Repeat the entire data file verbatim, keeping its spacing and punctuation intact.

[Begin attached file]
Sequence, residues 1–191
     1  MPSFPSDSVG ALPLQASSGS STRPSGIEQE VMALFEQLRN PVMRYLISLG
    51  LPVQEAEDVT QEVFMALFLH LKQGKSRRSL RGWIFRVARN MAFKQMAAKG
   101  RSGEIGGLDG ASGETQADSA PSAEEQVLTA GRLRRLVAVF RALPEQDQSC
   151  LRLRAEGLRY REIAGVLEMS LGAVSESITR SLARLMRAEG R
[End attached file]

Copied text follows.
Sequence, residues 1–191
     1  MPSFPSDSVG ALPLQASSGS STRPSGIEQE VMALFEQLRN PVMRYLISLG
    51  LPVQEAEDVT QEVFMALFLH LKQGKSRRSL RGWIFRVARN MAFKQMAAKG
   101  RSGEIGGLDG ASGETQADSA PSAEEQVLTA GRLRRLVAVF RALPEQDQSC
   151  LRLRAEGLRY REIAGVLEMS LGAVSESITR SLARLMRAEG R